Commercial Roofing In The Southwest: A Guide to 3 Types of Flat Roofs
30 years… that’s the average lifespan of a roof in the U.S. If you know your roof is getting close to that age, it’s about time to make plans to replace it. It’s a project that shouldn’t be put off until it causes damage. A bad roof can endanger the lives of your staff and customers and put a damper on your professional reputation.
Before you reach out to professional commercial roofing contractors, you first need to consider what roof style would be best for your building. One such option for commercial buildings is the flat roof. Why is this type of roof becoming so popular? What are three popular flat roof types seen throughout the Southwest?
Why Should Business Owners Consider A Flat Roof?
Commercial business owners can take advantage of several benefits of a flat roofing system. Unlike other systems, this roof type is extremely reasonable in price due to less labor needed and fewer risks involved.
It also allows for additional space that can be used for other things. For example, easy access to the roof and space means you can turn an area into a lounge or outdoor space for your clients or staff.
Flat roofs can quickly be installed, which means a business can continue as usual or be shut down for a minute amount of time. It can take up to two days at most for the whole project (this is dependent on how large the roof size is as well).
Flat roofs don’t need to be maintained as often, and repairs are usually far and few between. However, when repairs are necessary, the experts can quickly do so without too much of a problem.
3 Popular Commercial Roofs Of The Southwest
There are three key categories for southwest U.S. commercial roofs:
- Built-Up Roofs
- Modified Bitumen Roofs
- Single-ply membrane roofs
What do each of these systems do for buildings?
This type of roof is more than a hundred years old, making it one of the oldest flat roof options on the market. Most contractors will use felt-embedded in bitumen BURs – a material applied with a hot mop. The bitumen roof felt is blended with an asphalt or coal tar pitch blend that forms a monolithic membrane. This is layered multiple times to increase the thickness.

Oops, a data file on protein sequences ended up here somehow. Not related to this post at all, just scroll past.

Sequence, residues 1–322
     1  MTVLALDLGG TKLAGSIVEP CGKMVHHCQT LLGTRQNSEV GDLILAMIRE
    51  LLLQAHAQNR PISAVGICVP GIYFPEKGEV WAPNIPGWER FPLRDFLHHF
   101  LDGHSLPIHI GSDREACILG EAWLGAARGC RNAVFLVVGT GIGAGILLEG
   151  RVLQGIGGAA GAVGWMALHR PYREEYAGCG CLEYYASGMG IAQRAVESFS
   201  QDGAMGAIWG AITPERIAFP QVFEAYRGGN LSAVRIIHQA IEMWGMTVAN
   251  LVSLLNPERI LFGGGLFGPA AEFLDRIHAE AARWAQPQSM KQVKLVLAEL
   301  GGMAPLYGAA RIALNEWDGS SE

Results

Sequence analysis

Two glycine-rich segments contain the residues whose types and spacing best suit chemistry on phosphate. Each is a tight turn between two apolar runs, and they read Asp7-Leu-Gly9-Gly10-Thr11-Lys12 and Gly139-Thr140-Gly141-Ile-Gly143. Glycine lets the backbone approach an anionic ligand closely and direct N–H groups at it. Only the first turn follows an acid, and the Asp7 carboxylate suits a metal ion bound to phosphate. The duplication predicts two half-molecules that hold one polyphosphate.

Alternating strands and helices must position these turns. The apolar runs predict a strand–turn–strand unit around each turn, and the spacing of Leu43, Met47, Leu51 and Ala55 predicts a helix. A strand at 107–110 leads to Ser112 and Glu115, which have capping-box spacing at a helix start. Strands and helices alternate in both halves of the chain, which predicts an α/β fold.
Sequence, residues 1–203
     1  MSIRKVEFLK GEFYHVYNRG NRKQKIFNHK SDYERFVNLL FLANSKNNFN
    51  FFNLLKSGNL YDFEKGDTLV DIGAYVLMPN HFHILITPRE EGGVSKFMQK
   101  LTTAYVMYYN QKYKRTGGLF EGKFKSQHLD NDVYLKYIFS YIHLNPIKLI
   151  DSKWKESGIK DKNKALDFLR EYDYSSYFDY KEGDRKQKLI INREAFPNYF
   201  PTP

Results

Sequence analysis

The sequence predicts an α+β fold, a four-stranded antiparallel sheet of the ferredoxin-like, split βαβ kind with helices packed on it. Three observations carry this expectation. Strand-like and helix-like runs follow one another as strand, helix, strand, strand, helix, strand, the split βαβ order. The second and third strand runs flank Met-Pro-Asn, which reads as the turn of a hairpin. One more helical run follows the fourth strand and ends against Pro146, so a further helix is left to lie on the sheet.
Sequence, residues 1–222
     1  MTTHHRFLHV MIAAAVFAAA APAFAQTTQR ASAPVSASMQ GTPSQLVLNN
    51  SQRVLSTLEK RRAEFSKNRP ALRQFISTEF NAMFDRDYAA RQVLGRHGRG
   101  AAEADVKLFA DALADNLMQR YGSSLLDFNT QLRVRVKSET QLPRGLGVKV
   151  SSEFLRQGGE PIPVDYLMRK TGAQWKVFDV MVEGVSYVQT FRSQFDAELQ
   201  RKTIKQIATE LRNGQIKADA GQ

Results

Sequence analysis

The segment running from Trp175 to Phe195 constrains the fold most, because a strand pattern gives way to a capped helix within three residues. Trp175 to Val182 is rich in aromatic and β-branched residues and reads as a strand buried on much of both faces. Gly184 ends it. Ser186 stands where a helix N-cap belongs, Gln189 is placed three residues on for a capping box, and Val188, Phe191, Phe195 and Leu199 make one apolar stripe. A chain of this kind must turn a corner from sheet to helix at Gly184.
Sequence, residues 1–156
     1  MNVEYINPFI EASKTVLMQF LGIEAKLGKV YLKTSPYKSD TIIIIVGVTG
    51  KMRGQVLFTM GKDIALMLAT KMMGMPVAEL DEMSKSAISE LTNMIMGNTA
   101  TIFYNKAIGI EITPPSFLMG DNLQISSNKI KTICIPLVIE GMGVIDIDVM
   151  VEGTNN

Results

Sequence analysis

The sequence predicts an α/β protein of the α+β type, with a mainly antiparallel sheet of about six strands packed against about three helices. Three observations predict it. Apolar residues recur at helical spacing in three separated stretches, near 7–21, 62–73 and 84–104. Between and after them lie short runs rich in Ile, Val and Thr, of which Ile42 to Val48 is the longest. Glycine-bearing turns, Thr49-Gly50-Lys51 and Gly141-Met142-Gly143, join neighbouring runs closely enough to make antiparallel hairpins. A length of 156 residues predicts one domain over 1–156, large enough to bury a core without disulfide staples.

The contractor will apply fine stone granules on top to ensure the roof is protected from the elements, including the sun.
This is one of the best roofing materials available, and a roof with BUR can last more than 40 years. Best of all, it’s fire-resistant and affordable.
One complaint business owners have is the heaviness of the BUR, which makes it more difficult to install. On top of that, the smell can be horrendous when being installed.
Modified Bitumen Roofing
This roof type has been available since the 1960s and was considered a replacement for the flat BUR. The key was to include polymer-reinforced cap sheets in the BUR technology. Roofing experts will use an array of technology to install the modified roofs, using cold, hot, self-adhered or torch-applied methods.
Besides the polymer of the cap sheet, the modified bitumen roof is much more flexible thanks to either the atactic polypropylene or styrene butadiene styrene polymers. A critical aspect of this roof type is that you can apply it independently, especially if you’re using the peel-and-stick method. You can find some light-colored variations that will help reduce your electric bills.
Single Ply Membrane
The roofing industry’s newest technology is the membrane roof (or elastomeric roof membrane), which many business owners tend to use. The great thing about single-ply membranes is that it comes in multiple varieties, such as:
- EPDM (ethylene propylene diene monomer)
- TPO (thermoplastic polyolefin)
- Polymer-modified bitumens
- PVC (polyvinyl chloride)
Most commercial buildings are installed with the EPDM single-layer membrane material. This membrane has a sheet installation of 0.030 to 0.060 inches thick. Usually, the contractor will apply a single layer to the roof, which is where it gets its name.
Since rubber or synthetic polymer makes up the single-ply membrane flat roofs, they are very flexible. Impacts on the roof and temperature fluctuations affect the roof very little. You can also fix a leak if one happens.
However, one significant drawback to the single-layer membrane roof is that it only comes in the color black, which is notorious for increasing the heat of a space. Lastly, it’s also susceptible to punctures, unlike other roofing systems.
Get The Best Roof For Your Business Today
More and more business owners in the Southwest are choosing flat roofs for one reason or the other. If you need a flat roof for your building, you want experts who can do the job correctly. Check out our services and see how we can assist you.